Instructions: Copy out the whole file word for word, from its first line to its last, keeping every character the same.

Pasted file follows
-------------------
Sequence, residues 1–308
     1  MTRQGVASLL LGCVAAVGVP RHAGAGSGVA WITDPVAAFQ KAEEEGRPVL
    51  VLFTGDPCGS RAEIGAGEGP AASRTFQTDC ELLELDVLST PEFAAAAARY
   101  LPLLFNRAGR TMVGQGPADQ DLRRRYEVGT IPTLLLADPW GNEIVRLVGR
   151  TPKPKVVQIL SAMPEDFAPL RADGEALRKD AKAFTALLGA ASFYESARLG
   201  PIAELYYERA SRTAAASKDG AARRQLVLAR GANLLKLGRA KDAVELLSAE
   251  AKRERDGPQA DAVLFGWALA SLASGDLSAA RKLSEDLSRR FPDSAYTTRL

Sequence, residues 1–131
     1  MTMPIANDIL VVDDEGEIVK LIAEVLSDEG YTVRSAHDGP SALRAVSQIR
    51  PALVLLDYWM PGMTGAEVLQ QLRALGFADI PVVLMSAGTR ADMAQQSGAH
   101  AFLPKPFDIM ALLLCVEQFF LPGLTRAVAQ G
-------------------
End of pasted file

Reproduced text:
Sequence, residues 1–308
     1  MTRQGVASLL LGCVAAVGVP RHAGAGSGVA WITDPVAAFQ KAEEEGRPVL
    51  VLFTGDPCGS RAEIGAGEGP AASRTFQTDC ELLELDVLST PEFAAAAARY
   101  LPLLFNRAGR TMVGQGPADQ DLRRRYEVGT IPTLLLADPW GNEIVRLVGR
   151  TPKPKVVQIL SAMPEDFAPL RADGEALRKD AKAFTALLGA ASFYESARLG
   201  PIAELYYERA SRTAAASKDG AARRQLVLAR GANLLKLGRA KDAVELLSAE
   251  AKRERDGPQA DAVLFGWALA SLASGDLSAA RKLSEDLSRR FPDSAYTTRL

Sequence, residues 1–131
     1  MTMPIANDIL VVDDEGEIVK LIAEVLSDEG YTVRSAHDGP SALRAVSQIR
    51  PALVLLDYWM PGMTGAEVLQ QLRALGFADI PVVLMSAGTR ADMAQQSGAH
   101  AFLPKPFDIM ALLLCVEQFF LPGLTRAVAQ G